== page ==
Riverside County Migration Patterns show plenty of income coming and going

 

$92,559 is highest annual income moving to Riverside County. Where’s it coming from?

Contra Costa County provided Riverside with 136 new taxpayers — with an average 1.72 dependents — who had an average federal taxable income of $92,559.

PUBLISHED: May 10, 2017 at 12:01 am | UPDATED: May 11, 2017 at 9:15 am

Riverside County migration patterns show plenty of income coming and going.

IRS filing data for 2015, the latest figures available, details how many taxpayers came from, or relocated to, Riverside County and what level of adjusted gross income was on the move.

Where were the big dollars moving? Contra Costa County provided Riverside with 136 new taxpayers — with an average 1.72 dependents — who had an average federal taxable income of $92,559. That’s the county that sent Riverside the highest per-filer average incomes in 2015.

Here are the other counties with the highest-paid taxpayers who came to or left Riverside County.

Coming to Riverside from …

  • Santa Clara County: 204 filers with an average 1.88 dependents and income of $83,137
  • New York County (Manhattan) : 176 filers with 1.64 dependents and income of $79,455
  • Snohomish (Washington) County : 166 filers with 1.81 dependents and income of $78,163
  • King County (Seattle): 190 filers with 1.78 dependents and income of $66,842

Compare that wealth to typical inbound movers. Countywide, 38,159 filers came here from around the state and nation with an average 2.09 dependents and income of $49,256.

Leaving Riverside to …

Contra Costa County : 153 filers moved with an average 1.88 dependents and income of $86,948.
Pierce County (Tacoma): 133 filers with 2.04 dependents and income of $58,677.
Orange County: 4,653 filers with 1.95 dependents and income of $57,920.
Alameda County: 212 filers with 1.50 dependents and income of $57,363.
San Bernardino County: 7,032 filers with 2.15 dependents and income of $54,611.

Across Riverside County, 35,353 filers left with an average 2 dependents and income of $50,222.

When you look at income migration on a state-by-state basis, IRS data show California gaining the largest per-filer average incomes in 2015 from Connecticut at $127,017; District of Columbia at $102,704 and New York at $102,681. The largest departing incomes went to Florida ($113,488); Delaware ($105,090) and Vermont ($102,621).

Seattle, Detroit, Baltimore Best for Recent Grads

 

Seattle, Detroit, Baltimore Best for Recent Grads

For recent college graduates, Seattle, Detroit, Baltimore, and Pittsburgh are some of the country’s best places to live, according to new Trulia research released on Wednesday. Trulia used real estate listings on its site, as well as job postings on Indeed.com, to determine the “sweet spots” that offer both good jobs (ones appropriate for recent graduates) and in-budget housing (properties that a recent graduate could presumably afford).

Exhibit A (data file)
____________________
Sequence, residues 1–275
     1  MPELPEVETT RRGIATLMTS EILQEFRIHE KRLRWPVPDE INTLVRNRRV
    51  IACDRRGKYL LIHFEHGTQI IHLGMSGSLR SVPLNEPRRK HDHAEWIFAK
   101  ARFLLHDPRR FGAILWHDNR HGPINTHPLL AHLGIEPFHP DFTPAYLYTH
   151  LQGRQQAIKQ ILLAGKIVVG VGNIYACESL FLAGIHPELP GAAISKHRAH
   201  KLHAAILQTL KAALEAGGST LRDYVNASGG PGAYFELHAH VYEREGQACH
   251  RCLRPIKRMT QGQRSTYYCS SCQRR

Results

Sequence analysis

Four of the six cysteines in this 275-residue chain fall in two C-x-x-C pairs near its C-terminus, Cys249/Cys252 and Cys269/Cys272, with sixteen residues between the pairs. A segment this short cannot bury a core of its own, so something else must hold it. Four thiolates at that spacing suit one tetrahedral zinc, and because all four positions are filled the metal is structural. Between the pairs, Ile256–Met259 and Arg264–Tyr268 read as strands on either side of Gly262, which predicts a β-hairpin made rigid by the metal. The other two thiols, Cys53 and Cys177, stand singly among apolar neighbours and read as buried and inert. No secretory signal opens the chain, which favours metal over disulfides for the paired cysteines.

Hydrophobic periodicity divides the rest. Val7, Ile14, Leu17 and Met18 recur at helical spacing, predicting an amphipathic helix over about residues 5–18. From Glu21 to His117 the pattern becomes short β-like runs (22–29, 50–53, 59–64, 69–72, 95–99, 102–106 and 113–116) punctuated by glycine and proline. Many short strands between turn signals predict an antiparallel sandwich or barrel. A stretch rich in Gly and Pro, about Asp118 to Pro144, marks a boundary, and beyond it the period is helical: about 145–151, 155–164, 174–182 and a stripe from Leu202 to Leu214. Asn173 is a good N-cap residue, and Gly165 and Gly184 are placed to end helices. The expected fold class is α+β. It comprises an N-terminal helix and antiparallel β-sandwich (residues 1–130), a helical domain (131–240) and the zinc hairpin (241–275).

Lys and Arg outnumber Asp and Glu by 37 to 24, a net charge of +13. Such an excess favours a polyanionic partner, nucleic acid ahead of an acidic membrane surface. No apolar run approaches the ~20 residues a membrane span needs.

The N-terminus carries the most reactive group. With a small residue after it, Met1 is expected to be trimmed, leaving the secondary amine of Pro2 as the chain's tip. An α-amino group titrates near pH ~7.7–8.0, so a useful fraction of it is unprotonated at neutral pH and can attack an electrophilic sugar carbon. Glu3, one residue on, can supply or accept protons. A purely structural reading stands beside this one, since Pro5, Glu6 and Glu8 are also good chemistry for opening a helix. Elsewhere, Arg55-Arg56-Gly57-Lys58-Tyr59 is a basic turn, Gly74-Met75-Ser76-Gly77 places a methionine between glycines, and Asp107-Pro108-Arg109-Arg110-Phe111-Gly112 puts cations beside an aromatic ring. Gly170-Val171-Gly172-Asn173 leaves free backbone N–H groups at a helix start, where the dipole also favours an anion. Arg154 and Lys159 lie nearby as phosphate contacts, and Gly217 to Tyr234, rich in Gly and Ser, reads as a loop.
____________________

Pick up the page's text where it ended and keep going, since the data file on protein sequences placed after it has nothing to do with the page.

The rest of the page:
About 6 percent of young college graduates moved locations for a new job last year—more than four times the amount of all adults in general.

“These educated young adults are particularly prone to move for a job or a job search,” Trulia reported. “Whereas just 1.4 percent of all adults moved in the past year to take or look for a new job, 6.2 percent of young college grads did.”

Ultimately, Trulia found, the markets with the most job opportunities and the highest earning potential are the most out-of-budget for recent graduates. These areas include Washington, D.C., San Francisco, Houston, New York, and San Jose, California. Still, there are some metros that are affordable and offer a decent job market for a young grad.

“The bad news is that the local markets with the most opportunities for young grads are among the least affordable,” Trulia reported. “The good news is that some lower-cost markets also offer numerous opportunities for recent grads, though not as many as the priciest markets. While there’s no place that offers the magic combination of extensive job opportunities and easily affordable housing (and if that place existed, it probably wouldn’t stay affordable for long), we found six metros where you can spend a bit less on housing without giving up too much on the job options.”

Detroit came in at No. 3 in terms of living affordability, while nearly 42 percent of listings in Dayton, Ohio, meet the typical new grad’s budget. In Seattle, Trulia revealed, nearly 24 percent of all job listings are appropriate for new graduates, while Baltimore has a strong job market and Hartford, Connecticut, offers great median income.

Pittsburgh offers the best of both worlds, according to Trulia. It ranks No. 17 in affordability and No. 37 for jobs.

Can Riverside’s Harada House, a civil rights landmark, be saved?

Can Riverside’s Harada House, a civil rights landmark, be saved?

 

PUBLISHED: May 6, 2017 at 6:00 am | UPDATED: May 7, 2017 at 11:35 am

The Japanese-American Harada family fought hard to keep their home.

First, white neighbors pressured them to move from the downtown Riverside house. Then, a 1915 lawsuit challenged their ownership of the property.

Now it may be Riverside’s turn to fight for the historic Harada House.